"Ransom" by award-winning Australian author David Malouf is unlike any novel I have ever read. In it, Malouf explores the inner dialog that people often have with themselves when they review their lives to gain meaning from current circumstances or ponder obstacles they now face. In this case, the feelings we explore are those experienced by King Priam as he attempts to ransom the body of his son Hector from the fiercesome Achilles.
Priam has a dream that he must shed all trappings of kingship including bodyguards or fawning courtiers, and personally beseech Achilles for the body of his eldest son. He thinks back over how he became king, despite the fact that, as a young boy he was almost sold off as a slave when his ancestral city was sacked by his father's enemies. He ponders the brutality he experienced during the sack and as a reader you wince with the foreknowledge of what will befall him again. He then marvels at the life he has led since then, one of privilege but also one of staggering responsibility.
We discover that Priam's life as a monarch has been one in which he is insulated from normal human emotions usually shared within the nucleus of the family. Instead, the pomp and ceremony of court life have required him to play the role of supreme ruler at all times, even with his offspring, numbering 50 sons and 19 daughters.
As dictated by his dream, Priam orders some of his remaining sons to secure a simple wagon to be driven by a common carter to carry the king and all the treasure that can be collected to purchase the body of a prince of Troy. His queen, Hecuba, and his other family members and court advisers think the old man has become so enslaved by his grief that his mind has left him altogether but eventually comply with his instructions.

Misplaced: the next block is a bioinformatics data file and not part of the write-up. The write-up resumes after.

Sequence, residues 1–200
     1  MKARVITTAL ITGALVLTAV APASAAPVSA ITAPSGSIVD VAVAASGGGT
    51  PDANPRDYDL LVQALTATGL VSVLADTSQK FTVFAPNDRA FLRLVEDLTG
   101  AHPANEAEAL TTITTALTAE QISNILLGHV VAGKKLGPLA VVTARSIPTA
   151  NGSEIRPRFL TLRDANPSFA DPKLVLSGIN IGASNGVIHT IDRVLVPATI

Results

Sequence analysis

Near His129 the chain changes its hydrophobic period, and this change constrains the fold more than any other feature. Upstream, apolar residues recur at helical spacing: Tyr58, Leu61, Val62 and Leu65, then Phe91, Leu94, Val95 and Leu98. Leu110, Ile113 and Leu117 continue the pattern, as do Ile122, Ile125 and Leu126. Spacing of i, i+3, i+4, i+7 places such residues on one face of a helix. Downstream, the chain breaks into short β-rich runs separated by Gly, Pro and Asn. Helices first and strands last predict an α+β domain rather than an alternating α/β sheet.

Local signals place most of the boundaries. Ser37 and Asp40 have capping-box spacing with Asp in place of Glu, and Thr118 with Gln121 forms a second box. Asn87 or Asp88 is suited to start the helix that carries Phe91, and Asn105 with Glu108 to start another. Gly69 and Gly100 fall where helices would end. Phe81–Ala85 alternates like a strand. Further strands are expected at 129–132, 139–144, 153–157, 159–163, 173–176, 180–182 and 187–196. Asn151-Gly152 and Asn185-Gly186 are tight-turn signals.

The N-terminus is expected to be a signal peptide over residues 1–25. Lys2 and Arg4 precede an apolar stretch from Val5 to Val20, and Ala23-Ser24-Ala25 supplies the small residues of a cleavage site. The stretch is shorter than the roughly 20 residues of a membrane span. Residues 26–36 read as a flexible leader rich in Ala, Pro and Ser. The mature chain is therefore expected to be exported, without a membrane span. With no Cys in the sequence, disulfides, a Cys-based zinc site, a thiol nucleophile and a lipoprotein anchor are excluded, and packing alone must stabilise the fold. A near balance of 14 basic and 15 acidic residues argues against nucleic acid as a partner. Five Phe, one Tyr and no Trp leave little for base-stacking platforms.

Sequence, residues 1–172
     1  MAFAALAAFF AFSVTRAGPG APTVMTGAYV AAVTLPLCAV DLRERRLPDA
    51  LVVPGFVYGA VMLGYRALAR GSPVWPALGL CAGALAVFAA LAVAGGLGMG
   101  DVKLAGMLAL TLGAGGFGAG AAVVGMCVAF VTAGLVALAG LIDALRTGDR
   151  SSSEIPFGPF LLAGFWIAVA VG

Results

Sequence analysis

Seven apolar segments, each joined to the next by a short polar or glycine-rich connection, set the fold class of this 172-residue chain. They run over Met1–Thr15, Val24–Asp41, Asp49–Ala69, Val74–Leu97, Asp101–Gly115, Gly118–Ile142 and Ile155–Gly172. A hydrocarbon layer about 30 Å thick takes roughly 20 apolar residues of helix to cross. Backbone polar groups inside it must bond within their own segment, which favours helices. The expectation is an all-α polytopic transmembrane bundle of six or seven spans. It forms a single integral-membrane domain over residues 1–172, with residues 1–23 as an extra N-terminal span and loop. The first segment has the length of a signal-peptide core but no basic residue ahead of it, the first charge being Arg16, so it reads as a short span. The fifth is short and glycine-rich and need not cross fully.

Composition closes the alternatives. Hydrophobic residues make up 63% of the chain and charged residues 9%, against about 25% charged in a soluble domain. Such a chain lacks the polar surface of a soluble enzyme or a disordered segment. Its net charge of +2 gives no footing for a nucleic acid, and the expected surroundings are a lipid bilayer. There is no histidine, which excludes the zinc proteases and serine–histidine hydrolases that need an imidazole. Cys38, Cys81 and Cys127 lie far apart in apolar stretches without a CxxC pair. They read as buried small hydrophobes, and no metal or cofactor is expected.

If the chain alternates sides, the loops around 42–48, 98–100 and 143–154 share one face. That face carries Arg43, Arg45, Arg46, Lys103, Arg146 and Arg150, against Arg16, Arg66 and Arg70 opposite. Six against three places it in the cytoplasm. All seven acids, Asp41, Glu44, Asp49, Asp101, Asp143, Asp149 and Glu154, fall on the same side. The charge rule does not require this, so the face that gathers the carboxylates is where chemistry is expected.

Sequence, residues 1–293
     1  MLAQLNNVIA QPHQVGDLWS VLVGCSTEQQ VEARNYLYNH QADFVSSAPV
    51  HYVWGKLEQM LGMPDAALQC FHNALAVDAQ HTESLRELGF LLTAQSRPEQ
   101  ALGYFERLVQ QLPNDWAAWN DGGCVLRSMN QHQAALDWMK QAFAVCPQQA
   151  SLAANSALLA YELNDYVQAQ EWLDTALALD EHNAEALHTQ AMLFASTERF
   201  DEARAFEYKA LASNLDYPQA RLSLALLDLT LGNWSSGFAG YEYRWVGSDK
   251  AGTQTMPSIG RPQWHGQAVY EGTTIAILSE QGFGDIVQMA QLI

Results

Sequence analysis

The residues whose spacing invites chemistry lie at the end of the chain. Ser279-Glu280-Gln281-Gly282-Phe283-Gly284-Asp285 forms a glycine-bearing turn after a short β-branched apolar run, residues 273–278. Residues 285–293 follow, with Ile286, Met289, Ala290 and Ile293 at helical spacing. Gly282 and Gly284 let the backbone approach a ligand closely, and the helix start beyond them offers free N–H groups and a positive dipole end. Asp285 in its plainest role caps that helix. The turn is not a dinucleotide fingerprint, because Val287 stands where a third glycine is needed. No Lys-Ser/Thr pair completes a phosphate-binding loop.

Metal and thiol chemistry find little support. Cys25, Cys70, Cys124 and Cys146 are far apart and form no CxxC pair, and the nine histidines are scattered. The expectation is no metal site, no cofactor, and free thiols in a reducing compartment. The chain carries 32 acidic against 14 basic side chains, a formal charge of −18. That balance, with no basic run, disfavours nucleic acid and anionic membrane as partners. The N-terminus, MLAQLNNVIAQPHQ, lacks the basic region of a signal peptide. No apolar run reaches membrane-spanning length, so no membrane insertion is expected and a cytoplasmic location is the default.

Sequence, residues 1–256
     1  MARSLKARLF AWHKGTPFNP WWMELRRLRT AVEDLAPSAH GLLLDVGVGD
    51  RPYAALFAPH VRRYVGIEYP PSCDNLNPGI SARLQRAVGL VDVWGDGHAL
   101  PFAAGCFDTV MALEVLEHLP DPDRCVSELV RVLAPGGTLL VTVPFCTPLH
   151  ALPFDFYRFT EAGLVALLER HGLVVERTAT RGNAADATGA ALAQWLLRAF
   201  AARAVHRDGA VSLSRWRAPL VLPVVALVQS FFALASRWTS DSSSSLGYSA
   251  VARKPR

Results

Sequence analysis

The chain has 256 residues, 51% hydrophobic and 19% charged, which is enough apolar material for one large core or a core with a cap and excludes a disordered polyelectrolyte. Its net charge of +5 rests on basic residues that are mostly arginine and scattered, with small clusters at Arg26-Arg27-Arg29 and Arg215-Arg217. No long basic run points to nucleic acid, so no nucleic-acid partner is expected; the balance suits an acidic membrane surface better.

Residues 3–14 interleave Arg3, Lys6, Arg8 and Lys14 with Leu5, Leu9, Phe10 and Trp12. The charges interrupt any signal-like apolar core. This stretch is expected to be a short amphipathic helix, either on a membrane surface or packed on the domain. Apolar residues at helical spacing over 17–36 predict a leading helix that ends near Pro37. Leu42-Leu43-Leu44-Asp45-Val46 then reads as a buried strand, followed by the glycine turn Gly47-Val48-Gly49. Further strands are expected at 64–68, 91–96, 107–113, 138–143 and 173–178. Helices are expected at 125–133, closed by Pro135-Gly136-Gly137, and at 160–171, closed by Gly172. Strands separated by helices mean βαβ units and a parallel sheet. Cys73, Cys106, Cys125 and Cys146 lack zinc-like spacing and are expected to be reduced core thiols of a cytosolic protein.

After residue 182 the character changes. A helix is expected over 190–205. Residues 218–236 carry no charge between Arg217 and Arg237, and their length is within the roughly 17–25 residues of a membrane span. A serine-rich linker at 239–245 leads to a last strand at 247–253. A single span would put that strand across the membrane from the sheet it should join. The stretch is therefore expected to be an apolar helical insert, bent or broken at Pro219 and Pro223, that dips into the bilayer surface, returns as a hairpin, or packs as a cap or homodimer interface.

When the cart is hired and practically overloaded with gold and silver objects, the old king is hoisted onto the plain wooden seat next to a grizzled old man in a worn homespun garment. The two old men set off for the Myrmidon encampment. They jostle along in the cart for some time without speaking, the poor driver wondering what a person is supposed to say to the grief-stricken king. They then stop to rest beside a river and in the course of trying to get the old king to eat something, the elderly mule cart driver begins to describe the loss of his own sons and recalls some of their endearing antics, bringing tears to the old man's eyes in the telling.
Considering the old driver's words, Priam realizes he can't even recall which of his wives and concubines bore some of his children let alone some of the little triumphs the children may have taken pride in over the years. Then the veil of grief slips from his eyes and he looks about him and begins to savor each sight and smell he perceives, from the pleasant taste of the little buttermilk cakes the driver has brought along and shared with him to the tickle of the fishlings nibbling his bare toes as he wades in the water along the river bank.
Ultimately, he realizes that performing the rituals of burial will probably be the most intimate moments he will ever share with his eldest son and heir to his kingdom.
In the meantime, Achilles, too has been reflecting on the meaning of his life and speculating on what will happen to his own son, Neoptolemus, when Achilles embraces his own fate, to die young but wreathed in immortal glory. So ultimately, it is with shared understanding that king and hero finally confront the requirements of duty and acceptance of fate when they meet at last in Achilles' mess tent.
This is not really a story-driven narrative but an anecdotal treatise on human relationships that encourages the reader to reflect on their own journey and their own losses.